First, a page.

Party leader Gennady ZYUGANOV and YAVLINSKY. Tuesday was the deadline to withdraw before names were placed on ballot cards. Acting President Vladimir PUTIN is the outright front runner, followed in a distance second by ZYUGANOV and in third by YAVLINSKY. PUTIN's popularity has wavered around 50 percent to 60 percent. Despite this, the Central Election Commission is not convinced the acting president will sweep to power without a runoff race. "I would say that as of today the chance of a second round is fairly high," Chairman VESHNYAKOV said in an interview to Izvestia.

PUTIN has predicted that if Russia failed to elect him outright in the first round, a second round would cost $36 million. "This is nearly as much as all the pensions paid in the Moscow region," he said in an interview broadcast on ORT. The Central Electoral Commission said the first round of the presidential election would cost about $62 million, while the second round to take place on April 16th would cost about $29 million. If there was no second round, the money would be returned to the federal budget.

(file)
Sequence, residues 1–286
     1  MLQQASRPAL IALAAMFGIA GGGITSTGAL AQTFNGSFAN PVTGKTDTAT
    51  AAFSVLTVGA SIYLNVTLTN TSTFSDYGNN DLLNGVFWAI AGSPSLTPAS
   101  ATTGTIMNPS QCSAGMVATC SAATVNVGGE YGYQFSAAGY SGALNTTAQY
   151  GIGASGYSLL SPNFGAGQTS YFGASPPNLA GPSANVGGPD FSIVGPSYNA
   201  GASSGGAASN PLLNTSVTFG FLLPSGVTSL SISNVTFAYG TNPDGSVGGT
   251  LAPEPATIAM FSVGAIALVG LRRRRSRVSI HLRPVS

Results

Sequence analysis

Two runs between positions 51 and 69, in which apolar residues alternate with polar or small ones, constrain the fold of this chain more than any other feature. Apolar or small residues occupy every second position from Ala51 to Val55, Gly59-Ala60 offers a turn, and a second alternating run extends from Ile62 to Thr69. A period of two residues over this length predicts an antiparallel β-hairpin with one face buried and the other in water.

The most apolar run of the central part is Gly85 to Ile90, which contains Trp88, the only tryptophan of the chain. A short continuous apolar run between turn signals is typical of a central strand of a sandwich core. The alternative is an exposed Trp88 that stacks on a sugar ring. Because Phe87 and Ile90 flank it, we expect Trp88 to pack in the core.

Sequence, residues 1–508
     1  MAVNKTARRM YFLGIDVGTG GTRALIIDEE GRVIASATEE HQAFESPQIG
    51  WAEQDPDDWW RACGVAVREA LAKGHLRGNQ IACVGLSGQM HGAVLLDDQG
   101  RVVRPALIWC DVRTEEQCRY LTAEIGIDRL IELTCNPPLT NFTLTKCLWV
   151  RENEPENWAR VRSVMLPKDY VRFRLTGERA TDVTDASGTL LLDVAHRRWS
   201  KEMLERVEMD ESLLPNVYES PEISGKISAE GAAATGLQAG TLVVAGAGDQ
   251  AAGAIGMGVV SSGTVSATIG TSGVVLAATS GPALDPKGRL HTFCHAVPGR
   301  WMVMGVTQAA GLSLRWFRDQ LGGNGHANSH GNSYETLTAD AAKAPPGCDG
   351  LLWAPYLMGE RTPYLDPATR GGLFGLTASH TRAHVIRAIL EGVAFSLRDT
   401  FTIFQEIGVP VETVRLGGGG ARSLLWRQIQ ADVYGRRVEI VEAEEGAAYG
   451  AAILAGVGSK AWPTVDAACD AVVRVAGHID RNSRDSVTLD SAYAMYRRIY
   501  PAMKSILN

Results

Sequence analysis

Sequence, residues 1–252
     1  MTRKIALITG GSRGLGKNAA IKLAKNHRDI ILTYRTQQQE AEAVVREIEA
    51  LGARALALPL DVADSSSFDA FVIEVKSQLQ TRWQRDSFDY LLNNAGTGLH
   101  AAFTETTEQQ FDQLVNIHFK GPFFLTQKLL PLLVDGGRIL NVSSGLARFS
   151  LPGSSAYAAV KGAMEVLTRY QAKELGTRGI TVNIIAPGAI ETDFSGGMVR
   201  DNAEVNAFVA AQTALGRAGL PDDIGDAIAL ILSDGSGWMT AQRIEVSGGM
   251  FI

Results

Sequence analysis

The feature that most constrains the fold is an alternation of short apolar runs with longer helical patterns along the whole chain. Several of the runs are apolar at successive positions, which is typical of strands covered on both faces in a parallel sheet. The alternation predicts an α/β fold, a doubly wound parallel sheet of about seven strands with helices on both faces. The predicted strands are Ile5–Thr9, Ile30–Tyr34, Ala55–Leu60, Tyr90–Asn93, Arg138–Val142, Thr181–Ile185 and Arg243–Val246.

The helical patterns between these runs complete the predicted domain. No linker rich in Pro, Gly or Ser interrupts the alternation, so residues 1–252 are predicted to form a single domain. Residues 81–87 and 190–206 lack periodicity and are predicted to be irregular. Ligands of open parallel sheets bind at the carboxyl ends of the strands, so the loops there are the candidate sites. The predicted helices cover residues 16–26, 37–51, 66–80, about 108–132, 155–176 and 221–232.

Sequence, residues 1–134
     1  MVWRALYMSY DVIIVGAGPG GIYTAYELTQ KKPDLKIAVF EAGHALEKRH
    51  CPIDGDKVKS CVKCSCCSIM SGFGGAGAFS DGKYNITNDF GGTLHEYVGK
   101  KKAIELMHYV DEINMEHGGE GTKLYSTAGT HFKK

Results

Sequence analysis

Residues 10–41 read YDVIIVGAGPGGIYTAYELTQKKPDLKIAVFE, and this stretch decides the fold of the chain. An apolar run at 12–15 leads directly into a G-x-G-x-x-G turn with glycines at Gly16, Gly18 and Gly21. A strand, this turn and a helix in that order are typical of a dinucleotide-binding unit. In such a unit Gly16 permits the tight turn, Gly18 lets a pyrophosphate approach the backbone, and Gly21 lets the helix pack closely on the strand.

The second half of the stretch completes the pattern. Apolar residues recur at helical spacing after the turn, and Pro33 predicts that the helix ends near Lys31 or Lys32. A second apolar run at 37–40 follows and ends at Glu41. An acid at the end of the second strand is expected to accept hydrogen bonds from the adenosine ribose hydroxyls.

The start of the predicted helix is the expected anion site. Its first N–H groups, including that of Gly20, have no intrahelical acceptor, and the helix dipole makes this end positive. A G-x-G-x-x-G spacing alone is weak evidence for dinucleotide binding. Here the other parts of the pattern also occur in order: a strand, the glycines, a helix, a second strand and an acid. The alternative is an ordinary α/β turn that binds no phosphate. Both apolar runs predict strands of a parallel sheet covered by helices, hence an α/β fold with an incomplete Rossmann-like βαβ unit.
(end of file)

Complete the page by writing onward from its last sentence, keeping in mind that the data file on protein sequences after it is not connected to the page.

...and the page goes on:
Russian troops in Chechnya have already voted. However, for the remaining citizens there voting will be extremely difficult. The Organization for Security and Cooperation in Europe (OSCE) mission said it was even impossible to carry out a normal election campaign in the southern republic, though it still sent observers to monitor the voting. According to an OSCE press release, "the ongoing military campaign in

Today's News Highlights


Russian Flag Over Chechen City

St. Pete. Telecoms Merge

Ikea Opens First Russian Store

European Republics

CSFB Under Investigation

Estonian Economic Figures

South Caucasus & Central Asia

Karabakh Leader Wounded

Sec. Council To Sign Agreement

Trans-Caspian Plan Proposed




March 22, 2000

Intercon's Daily

separate districts and heightened security measures make a normal environment for elections impossible."